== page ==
Tsunami Effects on Buildings and Coastal Structures
Harry Yeh*,† and Shinji Sato**
*Oregon State University
Corvallis, Oregon, 97331, USA
**University of Tokyo, Tokyo, Japan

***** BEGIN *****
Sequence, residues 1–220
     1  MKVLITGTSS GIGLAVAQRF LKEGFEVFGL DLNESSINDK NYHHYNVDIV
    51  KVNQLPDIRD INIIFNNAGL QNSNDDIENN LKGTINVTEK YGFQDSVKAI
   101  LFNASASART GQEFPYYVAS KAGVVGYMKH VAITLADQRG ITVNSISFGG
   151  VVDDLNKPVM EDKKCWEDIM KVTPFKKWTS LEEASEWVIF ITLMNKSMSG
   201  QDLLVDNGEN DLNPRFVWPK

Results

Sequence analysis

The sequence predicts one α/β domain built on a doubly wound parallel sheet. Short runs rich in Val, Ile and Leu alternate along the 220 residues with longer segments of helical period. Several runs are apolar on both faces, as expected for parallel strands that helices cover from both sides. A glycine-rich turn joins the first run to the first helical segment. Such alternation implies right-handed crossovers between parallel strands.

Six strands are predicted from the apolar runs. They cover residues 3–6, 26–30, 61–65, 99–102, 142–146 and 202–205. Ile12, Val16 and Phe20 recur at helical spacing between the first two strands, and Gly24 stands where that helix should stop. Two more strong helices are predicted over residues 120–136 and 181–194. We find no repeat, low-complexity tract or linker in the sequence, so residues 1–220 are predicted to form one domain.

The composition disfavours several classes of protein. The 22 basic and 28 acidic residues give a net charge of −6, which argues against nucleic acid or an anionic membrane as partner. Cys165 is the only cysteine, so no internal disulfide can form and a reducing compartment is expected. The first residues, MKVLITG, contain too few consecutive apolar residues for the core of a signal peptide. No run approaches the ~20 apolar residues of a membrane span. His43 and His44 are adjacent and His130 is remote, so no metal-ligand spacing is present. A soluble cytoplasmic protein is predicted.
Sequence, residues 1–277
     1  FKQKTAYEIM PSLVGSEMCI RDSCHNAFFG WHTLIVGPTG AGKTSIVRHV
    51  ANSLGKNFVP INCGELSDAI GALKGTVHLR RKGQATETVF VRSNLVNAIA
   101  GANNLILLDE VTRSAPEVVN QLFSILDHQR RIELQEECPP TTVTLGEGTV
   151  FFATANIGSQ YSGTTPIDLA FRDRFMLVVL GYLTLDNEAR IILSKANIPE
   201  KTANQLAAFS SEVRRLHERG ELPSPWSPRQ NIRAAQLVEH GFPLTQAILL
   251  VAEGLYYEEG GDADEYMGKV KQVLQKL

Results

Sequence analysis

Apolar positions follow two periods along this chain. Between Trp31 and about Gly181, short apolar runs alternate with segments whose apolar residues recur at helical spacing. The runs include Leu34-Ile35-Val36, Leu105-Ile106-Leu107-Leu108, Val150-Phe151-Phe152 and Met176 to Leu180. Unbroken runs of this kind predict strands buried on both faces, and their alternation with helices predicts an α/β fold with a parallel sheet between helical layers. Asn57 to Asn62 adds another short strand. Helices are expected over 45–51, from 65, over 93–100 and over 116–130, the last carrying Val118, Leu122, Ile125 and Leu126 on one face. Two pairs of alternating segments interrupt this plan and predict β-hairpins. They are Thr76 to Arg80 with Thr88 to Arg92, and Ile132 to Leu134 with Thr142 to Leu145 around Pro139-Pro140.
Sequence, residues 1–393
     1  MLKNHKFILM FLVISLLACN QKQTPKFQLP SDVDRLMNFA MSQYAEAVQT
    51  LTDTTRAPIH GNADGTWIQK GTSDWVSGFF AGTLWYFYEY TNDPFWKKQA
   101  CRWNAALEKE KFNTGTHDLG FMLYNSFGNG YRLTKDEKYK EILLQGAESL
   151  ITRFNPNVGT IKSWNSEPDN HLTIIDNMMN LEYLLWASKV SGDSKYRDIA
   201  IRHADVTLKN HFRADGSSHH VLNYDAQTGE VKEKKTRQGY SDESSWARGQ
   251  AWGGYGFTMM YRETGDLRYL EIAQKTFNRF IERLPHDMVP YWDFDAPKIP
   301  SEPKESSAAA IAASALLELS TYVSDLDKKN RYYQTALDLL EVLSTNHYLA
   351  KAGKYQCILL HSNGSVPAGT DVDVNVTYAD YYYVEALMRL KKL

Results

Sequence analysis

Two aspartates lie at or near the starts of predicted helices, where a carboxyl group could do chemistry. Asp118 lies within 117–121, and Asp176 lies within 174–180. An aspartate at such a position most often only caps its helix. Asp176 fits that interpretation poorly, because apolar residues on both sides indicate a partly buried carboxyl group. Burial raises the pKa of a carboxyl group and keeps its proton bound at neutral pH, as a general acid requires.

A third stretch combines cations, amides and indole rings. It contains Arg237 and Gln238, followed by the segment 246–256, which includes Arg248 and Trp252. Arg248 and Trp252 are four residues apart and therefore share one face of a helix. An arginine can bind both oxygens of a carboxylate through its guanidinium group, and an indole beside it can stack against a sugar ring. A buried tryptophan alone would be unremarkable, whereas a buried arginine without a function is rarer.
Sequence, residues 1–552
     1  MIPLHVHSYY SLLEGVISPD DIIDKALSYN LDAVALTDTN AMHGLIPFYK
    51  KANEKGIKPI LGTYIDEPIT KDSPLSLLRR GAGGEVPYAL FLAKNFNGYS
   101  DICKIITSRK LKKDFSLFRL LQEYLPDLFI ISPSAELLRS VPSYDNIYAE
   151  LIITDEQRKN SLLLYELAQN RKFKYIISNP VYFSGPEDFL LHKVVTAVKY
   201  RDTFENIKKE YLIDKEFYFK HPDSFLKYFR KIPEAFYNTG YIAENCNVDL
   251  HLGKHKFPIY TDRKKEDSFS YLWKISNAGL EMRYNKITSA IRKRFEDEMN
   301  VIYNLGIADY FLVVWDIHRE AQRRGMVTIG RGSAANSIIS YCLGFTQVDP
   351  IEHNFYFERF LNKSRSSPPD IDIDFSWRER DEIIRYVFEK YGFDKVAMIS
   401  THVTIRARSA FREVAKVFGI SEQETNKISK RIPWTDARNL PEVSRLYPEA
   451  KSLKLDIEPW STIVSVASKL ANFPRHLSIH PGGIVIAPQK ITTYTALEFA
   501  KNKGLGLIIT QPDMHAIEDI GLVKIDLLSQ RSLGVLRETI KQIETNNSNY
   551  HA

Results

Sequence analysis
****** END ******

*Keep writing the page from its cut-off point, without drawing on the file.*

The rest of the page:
In 2011, the Heisei Tsunami (also known as the East Japan Tsunami) caused unprecedented damage to well-engineered buildings and coastal structures. We examine two reinforced concrete buildings that were exposed to similar tsunami loadings, but one collapsed and the other did not. It is shown that the contrast is partly resulted from the presence of a building foundation that could cause a time delay and attenuation of the buoyancy effect on the buildings. The surviving building must be stabilized by the weight of water that flooded the building interior. We also investigate failure patterns of concrete seawalls and coastal dykes. It is demonstrated that flow-induced suction pressures on the crown play a role in the failure of concrete panels that covered the dyke’s infill. High-speed flows together with high compressing pressures can cause the formation of a scour at the leeside foot of the dyke. Considerations for the design guidelines for buildings and coastal structures to cope with the “beyond-the-design-basis” extreme coastal hazards are proposed.
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